In a relief to industry, the government has accepted a parliamentary panel’s recommendation on allowing cartels to opt for the settlement scheme under the Competition Amendment Bill, according to official sources.
The proposed Bill seeks to introduce a clause for settlement and commitment that offers any enterprise against which an inquiry has been initiated to file an application for settlement.
The Parliamentary Committee on Finance had suggested including cartels in the scope for settlement “as a pragmatic recourse to the whole process”.
“A settlement provision for cartels on a case-by-case basis may be for the courts to decide.
“It does not require emphasis that any matter, cartels or otherwise, that reaches the settlement stage, would have an anti-competitive one,” the parliamentary committee’s report said.
Currently, Section 46 of the Competition Act provides for leniency for parties involved in a cartel.
The competition law review committee had not recommended including cartels because they are by nature anti-competitive.
The Jayant Sinha-led committee in its report tabled on December 13, 2022, had, however, noted: “It does not require emphasis that any matter, cartels or otherwise, that reaches settlement stage, would have been an anti-competitive one.”
The proposed law, however, is not clear on whether an application for settlement and commitment requires an admission of guilt.
The Competition Commission of India (CCI) is in the process of finalising its investigation against cement cartels.
Once the Bill is approved by Parliament, a legal expert said the cement cartel might be able to utilise the settlement scheme.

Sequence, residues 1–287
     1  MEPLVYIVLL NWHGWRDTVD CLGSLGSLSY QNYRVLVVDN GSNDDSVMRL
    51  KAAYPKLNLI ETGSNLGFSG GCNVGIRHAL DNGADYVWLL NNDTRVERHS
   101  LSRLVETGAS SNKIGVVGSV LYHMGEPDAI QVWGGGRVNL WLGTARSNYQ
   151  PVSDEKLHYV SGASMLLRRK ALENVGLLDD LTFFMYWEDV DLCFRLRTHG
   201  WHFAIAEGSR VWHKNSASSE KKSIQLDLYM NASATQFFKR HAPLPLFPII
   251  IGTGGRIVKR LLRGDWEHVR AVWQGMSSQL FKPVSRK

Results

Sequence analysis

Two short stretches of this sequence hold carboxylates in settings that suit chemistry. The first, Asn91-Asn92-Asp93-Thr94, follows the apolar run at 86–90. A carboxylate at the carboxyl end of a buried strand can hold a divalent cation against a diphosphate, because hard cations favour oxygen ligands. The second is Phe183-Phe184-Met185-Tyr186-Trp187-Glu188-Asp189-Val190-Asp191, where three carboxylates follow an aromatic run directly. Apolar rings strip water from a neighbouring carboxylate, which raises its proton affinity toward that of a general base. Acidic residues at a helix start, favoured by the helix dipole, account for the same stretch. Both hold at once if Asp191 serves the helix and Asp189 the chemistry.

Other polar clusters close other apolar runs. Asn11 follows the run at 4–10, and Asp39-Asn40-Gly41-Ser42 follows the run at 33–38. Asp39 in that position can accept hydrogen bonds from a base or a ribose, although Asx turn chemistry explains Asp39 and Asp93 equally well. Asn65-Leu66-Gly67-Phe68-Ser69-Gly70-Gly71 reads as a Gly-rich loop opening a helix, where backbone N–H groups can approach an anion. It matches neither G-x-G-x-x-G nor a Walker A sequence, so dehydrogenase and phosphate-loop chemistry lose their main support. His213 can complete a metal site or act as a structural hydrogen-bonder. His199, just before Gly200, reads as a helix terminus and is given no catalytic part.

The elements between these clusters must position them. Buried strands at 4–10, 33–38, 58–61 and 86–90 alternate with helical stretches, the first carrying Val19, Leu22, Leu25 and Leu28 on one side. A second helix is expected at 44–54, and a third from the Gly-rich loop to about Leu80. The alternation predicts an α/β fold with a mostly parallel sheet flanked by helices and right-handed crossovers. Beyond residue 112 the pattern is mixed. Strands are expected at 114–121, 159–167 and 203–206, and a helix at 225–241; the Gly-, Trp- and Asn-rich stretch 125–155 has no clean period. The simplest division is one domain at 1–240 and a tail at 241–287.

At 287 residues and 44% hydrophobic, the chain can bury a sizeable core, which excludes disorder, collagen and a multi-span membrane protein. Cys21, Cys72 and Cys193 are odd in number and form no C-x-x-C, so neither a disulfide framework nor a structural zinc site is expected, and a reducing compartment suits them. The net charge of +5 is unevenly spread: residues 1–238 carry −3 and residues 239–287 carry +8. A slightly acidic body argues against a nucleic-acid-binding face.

While accepting some of the standing committee’s recommendations, the government has rejected introducing the concept of “mandatory effects based analysis” to the Competition Amendment Bill.
The panel had said the CCI should study factors such as the impact on consumers, innovation, and competition before adjudicating on whether a piece of conduct violated competition law.
The Competition Amendment Bill is expected to be tabled in Parliament during the upcoming Budget session, starting on January 31.
Among other changes sought by the standing committee is a review of the deal-value threshold every year instead of every two years.
The committee had also recommended against shortening merger review timelines because it could be burdensome for an already understaffed commission.
It had also said that the Ministry of Corporate Affairs had not given any strong argument as to why intellectual property rights (IPR) could not be used as a defence against abuse of dominant position.
It said: “… it would be more desirable for CCI to specifically take into consideration the rights that a party may have in relation to reasonable exercise of its IPR when dealing with abuse of dominance cases to avoid uncertainty.”
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